A Week of Mountain Passes and Solitude
This past week has been such a rich experience. I swam in freezing cold lakes, felt the intensity of the sun while climbing up steep switchbacks, saw the setting sun light up the mountains, navigated around and over snow, and got to spend a whole week in the mountains with my two friends and relatively few other hikers. All of these reasons made this one of the most special stretches of the trail for me.
I can say with complete certainty that the hiking I’ve done this past week is the biggest physical challenge I’ve ever completed. We averaged about 17 miles (27 kilometers) daily, which involved going over a mountain pass each day. I haven’t calculated our elevation gain and loss for each day, but I’m sure it would be ridiculous.
While preparing for the trail, my plan was to do enough research to be prepared, but not so much that it would take away some of the wonder and excitement. I knew that the Sierra section involved ridiculous elevation changes and that PCT hikers typically go over a pass a day. However, I didn’t know the names of the passes or the lakes, or what the mountains would look like – and I am so glad I didn’t. It has been a beautiful and challenging experience to go through these mountains.
When I say we, I am referring to Flamingo Sunrise, Hot Tuna, and myself. We have hiked most of the trail and all of the Sierra section together. There’s nobody else I’d rather cross rivers and travel across snow with. We have been fortunate to enter the Sierra at a time when the rivers haven’t been too difficult to ford. Furthermore, most of the snow has melted so it hasn’t been dangerous or slowed us down too much. Having some snow on the mountains has made the landscape more beautiful. So without further ado, here’s my summary of our week of passes.
We had to take a nine-mile side trail off the PCT over this pass to get to the Onion Valley trailhead, where we hitched into the town of Bishop. It was a beautiful trail and nicely graded.
We got a ride back to the trailhead from a nice couple in their VW campervan. The additional weight of the three of us and our packs fully loaded with 7.5 days of food made the trip up the steep, windy road very difficult for the van. We were going so slowly I was seriously concerned that we were going to start seeing smoke and would have to contribute to repair costs.
7.5 days of food and insanely steep switchbacks make for some slow going up Glen Pass. On the way up we were passed by a female trail runner who was running up this gnarly trail to prepare for an upcoming 100-mile race.
I was up and ready to go early the day we went over Pinchot Pass. It was snow free and a fun climb to the top. I had lunch and Flamingo and Tuna showed up shortly after.
We camped below Mather Pass and went over early the next morning. The view from where we camped was one of the best I have seen. The light on the mountains as the sun went down was incredible. I took this photo of Hot Tuna, which is one of my favorites all trail.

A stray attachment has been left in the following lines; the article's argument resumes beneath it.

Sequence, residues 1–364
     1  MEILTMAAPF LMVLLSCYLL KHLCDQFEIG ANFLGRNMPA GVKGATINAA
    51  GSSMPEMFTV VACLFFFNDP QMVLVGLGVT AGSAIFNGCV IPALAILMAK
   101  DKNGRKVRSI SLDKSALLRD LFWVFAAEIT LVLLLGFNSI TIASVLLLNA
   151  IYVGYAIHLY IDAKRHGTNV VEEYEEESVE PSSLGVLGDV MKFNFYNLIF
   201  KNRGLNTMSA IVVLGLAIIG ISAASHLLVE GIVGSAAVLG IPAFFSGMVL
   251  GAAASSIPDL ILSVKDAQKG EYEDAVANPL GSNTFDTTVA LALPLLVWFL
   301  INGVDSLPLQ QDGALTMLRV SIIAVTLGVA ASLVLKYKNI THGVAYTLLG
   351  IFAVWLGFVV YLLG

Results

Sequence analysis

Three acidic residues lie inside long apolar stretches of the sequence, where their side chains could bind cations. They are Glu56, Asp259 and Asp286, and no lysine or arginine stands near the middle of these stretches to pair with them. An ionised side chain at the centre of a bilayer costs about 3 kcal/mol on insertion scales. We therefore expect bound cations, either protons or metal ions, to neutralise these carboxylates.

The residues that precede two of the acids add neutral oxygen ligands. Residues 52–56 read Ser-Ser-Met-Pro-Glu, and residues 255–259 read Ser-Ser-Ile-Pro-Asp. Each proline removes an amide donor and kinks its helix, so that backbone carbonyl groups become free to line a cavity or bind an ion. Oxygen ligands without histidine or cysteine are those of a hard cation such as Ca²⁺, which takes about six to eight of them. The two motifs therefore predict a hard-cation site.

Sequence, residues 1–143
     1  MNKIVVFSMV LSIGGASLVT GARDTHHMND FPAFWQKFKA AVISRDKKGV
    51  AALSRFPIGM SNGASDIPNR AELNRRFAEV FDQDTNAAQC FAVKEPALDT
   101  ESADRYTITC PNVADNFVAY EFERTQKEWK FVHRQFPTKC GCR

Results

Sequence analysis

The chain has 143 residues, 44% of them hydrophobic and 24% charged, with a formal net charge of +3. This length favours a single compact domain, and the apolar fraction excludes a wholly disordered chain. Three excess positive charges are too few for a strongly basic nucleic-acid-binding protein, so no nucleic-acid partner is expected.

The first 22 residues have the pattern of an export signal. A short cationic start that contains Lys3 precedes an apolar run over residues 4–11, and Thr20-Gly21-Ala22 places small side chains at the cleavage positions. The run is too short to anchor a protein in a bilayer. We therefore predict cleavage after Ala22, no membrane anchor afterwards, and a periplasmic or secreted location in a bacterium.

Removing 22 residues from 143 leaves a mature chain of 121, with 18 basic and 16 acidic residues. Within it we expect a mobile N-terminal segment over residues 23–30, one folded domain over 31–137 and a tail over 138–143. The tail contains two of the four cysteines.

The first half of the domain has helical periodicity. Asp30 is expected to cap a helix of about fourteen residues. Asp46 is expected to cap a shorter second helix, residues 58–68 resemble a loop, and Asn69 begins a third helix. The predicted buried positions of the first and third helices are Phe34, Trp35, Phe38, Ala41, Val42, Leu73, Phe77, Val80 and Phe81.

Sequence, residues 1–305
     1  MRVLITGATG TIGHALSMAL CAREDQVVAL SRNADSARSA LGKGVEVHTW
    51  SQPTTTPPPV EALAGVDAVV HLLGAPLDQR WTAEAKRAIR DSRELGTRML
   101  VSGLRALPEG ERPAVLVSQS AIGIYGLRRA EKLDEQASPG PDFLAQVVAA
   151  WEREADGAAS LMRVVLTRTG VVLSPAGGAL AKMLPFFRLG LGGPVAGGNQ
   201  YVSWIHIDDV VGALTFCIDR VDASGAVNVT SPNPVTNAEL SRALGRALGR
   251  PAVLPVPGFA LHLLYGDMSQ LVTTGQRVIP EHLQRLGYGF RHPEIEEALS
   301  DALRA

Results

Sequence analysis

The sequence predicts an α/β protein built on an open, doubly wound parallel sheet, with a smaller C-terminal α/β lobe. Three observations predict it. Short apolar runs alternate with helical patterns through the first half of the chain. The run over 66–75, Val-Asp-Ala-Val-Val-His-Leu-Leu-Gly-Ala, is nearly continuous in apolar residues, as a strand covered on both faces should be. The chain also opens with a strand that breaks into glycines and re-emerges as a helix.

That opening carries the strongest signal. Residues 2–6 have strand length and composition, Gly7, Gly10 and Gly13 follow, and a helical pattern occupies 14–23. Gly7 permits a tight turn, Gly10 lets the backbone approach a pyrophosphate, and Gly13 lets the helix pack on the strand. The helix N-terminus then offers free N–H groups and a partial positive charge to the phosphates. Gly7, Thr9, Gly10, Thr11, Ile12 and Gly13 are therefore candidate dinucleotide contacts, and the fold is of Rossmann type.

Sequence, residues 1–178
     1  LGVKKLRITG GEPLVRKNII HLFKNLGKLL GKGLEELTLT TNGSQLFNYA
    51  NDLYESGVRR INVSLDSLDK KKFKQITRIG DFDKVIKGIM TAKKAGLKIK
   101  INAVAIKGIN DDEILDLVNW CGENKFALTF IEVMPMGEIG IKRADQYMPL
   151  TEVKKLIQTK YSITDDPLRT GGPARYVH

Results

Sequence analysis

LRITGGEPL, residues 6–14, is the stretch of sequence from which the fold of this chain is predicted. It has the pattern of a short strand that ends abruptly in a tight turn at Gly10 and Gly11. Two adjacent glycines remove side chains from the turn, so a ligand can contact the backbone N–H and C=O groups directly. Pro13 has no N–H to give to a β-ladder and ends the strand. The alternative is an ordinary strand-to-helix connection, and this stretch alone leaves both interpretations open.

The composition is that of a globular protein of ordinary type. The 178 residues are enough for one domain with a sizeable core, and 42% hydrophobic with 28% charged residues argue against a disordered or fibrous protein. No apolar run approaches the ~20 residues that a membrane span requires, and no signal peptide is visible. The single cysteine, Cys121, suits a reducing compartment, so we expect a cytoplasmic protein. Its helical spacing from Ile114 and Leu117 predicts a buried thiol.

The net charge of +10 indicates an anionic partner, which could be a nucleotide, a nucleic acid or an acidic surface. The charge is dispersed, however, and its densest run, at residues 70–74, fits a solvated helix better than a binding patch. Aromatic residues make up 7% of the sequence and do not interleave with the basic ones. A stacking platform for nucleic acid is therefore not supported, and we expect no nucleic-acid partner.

Because we went over the pass early in the morning, the snow on the north side was solid, and we were very thankful to have our Microspikes to put on our trail runners. Descending the steep, icy slope would have been pretty sketchy without them.
I think Muir Pass was my favorite overall pass experience. It required the most snow travel by far, which made it slow going but also challenging and fun. Route finding was difficult at times but it was neat to travel through such a snowy landscape, which is unlike most of the trail. We woke up at 4:15 a.m. that morning and were hiking by 5 a.m. so we could avoid too much postholing in the snow. We managed to travel up the pass fine with our Microspikes for the most part, except for one section where we postholed a bit. I fell through the snow up to my mid thigh a few times and I swore each time the ice would scrape my legs. Thankfully, this was a short section and I started having lots of fun again shortly after! Also, the Muir Hut at the top is a neat stone structure.
Some hikers were saying this didn’t actually count as a pass because it was so easy. After climbing up it, we agreed that it still qualifies.
Silver Pass seemed quite small in comparison to the other passes we had already gone over. There were some nice lakes on the way up and on the other side.
Time for a Stove
In other news, I woke up a couple of days ago knowing that it was time for me to pick up a stove. For the past two months I have been stoveless; I cold soak my dinner for the last couple hours of hiking so it is ready to eat when I get to camp. I also soak my breakfast overnight. Most of my dinners have been some combination of rice, mashed potatoes, couscous, and refried beans.
I have loved the convenience of getting to eat right away and not having to pack extra items. However, I am looking forward to the variety of dinners that I will be able to make with heat.
Our last two stretches of trail between resupplies have been about seven to eight days long. When you’re living a normal off-trail life it is great to get out of cell service for a while; it is refreshing to disconnect from social media and the constant connection that comes with having smartphones. However, I’ve noticed that on a long trip like a thru-hike, I really enjoy getting emails and messages from family and friends – which I start to miss after about a week. I also love how useful smartphones can be on the trail, whether for navigating using the Guthooks app, using it for the camera, or listening to some music at the end of the day.
Thanks again to everyone who is following my hike and has showed so much love and support. Back to the trail I go.
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